Update from Cheryl Hardisty, Programme Director
Following the generally successful management of winter pressures last year, and an improvement in performance we continue to build on this work by developing the next stage of our resilience planning with the development of a predictive trigger tool which will allow for a more proactive approach in order to respond to the demands of the service earlier and which can used across the year. This will be trialled at University Hospitals of North Midlands NHS Trust (UHNM) in July and the tool will also be trialled at County Hospital in Stafford and Burton’s Queens Hospital in time for winter 2019/20. Additional measures will be incorporated into the tool which will show the numbers of patients who are experiencing delayed transfers of care from the acute hospital to a community setting, the number of over-75s seen within four hours in A&E and the numbers of over-75s discharged to their home. In addition, the new clinical triage at the ‘front door’ of acute hospitals will further improve the four-hour target. Together these will provide further detail on the overall quality of the service received by patients.
Following a successful pilot in February, which showed that 75% of referrals to existing community services could remain at home for their care, rather than be conveyed to A&E, a further care co-ordination test of change is planned for July. This initiative, led by Midlands Partnership NHS Foundation Trust (MPFT) will determine the proportion of patients coming through NHS111 who could be directly booked and treated by community services - potentially in their own homes - rather than the patient attending their local A&E or their GP practice. MPFT and NHS111 will work closely together to offer alternative, simplified pathways of care already in place, supporting patients to remain in their own homes.
We are well underway with testing the procurement specification for the integrated urgent and emergency care system. The specification will be submitting to the membership boards through July and August with the final specification going to the CCG Governing Bodies in August.
We are preparing for the launch of the Red Bag Scheme in August. This is a national initiative which supports the transfer of patients from care/residential homes to hospital and facilitates their return in a timely manner. The scheme, which will initially be launched across UHNM, with University Hospitals of Derby and Burton NHS Foundation Trust’s Queen’s Hospital in Burton to follow, will see each care/residential home taking ownership of red bags which, on transfer of the patient to the acute trust, will contain their belongings required for an inpatient stay and subsequent discharge. A patient’s own medications can also be accommodated in the bags along with up-to-date transfer documents which will record the their current status and care needs.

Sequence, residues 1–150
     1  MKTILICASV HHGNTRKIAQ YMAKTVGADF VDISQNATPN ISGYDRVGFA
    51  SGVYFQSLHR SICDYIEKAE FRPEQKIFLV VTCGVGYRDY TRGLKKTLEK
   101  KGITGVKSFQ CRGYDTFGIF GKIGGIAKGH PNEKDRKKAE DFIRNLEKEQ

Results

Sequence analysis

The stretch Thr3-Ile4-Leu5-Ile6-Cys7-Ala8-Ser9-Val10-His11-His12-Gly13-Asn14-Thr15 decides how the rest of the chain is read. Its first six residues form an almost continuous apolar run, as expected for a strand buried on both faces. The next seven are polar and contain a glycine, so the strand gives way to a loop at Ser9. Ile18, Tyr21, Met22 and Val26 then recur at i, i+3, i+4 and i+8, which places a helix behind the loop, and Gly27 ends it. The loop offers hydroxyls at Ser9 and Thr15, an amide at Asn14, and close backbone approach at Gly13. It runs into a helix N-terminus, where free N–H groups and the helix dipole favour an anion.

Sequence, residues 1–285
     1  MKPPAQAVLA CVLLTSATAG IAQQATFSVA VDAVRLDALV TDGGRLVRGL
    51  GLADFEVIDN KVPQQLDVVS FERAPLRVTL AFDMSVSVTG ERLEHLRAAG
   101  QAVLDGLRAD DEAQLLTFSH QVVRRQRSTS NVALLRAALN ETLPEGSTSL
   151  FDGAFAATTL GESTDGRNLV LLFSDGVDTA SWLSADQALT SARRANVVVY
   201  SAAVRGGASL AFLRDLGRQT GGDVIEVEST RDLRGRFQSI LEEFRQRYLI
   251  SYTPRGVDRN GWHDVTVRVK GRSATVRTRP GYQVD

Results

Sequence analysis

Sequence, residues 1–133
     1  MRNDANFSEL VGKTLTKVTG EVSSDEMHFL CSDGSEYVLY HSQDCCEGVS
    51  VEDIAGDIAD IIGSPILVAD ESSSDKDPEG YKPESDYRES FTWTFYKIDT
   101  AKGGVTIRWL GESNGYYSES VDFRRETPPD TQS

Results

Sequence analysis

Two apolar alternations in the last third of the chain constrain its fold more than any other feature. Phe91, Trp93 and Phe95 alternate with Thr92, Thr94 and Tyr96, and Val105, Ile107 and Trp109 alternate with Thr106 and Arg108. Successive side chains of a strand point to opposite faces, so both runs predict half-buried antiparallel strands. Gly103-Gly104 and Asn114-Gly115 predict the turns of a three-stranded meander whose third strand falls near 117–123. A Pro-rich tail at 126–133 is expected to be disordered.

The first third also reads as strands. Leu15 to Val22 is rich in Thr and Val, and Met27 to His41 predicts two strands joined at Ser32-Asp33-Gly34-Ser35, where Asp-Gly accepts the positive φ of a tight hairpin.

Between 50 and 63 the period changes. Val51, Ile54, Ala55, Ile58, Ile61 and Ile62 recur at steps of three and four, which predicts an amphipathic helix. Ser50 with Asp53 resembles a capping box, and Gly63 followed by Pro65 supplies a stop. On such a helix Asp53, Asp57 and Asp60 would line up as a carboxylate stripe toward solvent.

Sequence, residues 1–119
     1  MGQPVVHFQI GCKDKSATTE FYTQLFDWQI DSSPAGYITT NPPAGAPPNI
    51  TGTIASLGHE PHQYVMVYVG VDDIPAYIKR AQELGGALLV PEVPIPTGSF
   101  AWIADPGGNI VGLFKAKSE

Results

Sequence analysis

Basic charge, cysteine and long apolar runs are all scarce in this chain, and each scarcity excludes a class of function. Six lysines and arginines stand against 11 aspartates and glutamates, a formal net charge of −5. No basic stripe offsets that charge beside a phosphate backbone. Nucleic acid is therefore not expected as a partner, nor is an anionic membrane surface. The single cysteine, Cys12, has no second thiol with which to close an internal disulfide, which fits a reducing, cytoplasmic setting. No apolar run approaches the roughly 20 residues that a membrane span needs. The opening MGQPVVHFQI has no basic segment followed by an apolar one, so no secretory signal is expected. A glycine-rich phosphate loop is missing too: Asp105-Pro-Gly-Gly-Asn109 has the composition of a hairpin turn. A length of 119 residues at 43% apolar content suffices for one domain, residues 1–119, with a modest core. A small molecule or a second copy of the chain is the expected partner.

The patient will return to the care/residential home with the bag and a transfer document from the acute trust summarising the care received. There will also be a commitment from each care/residential home to visit and review the patient in hospital, 48 hours after admission. The use of the bags and supporting documents and procedures has nationally been shown to reduce lengths of stay in hospital for care/residential home residents.
Patient flow across the complex discharge pathway has seen significant improvements when compared to this time last year. Traditionally, the bank holiday periods can be extremely challenging; this year there were three bank holidays in quick succession due to the lateness of Easter, which increased the risk of surges in demand and a potential increase in delays to discharge. However, the number of patients in acute beds who were medically fit for discharge and ‘green to go’ were significantly lower at this point compared to the same point in 2018.
The discharge to assess model (which enables patients to be assessed for continuing care outside of the acute hospitals) is now in its second year and maturing, with a significant increase in hours delivered by the Home First community service and a reduction in the length of stay for patients across all discharge to assess community beds when compared to the previous year, facilitating improved flow across the system.
A large amount of joint working is taking place across system partners to identify areas of focus; this includes the development of joint plans, pathways, clinical reviews, audits to identify ‘quick wins’ and longer-term actions that will make a positive difference to patients. We are also fortunate to have been supported by a national expert on urgent care, Dr Ian Sturgess, who has been visiting all discharge to assess home and bed-based services and the acute hospital sites, and is providing bespoke feedback and advice, which is having a positive impact on provision.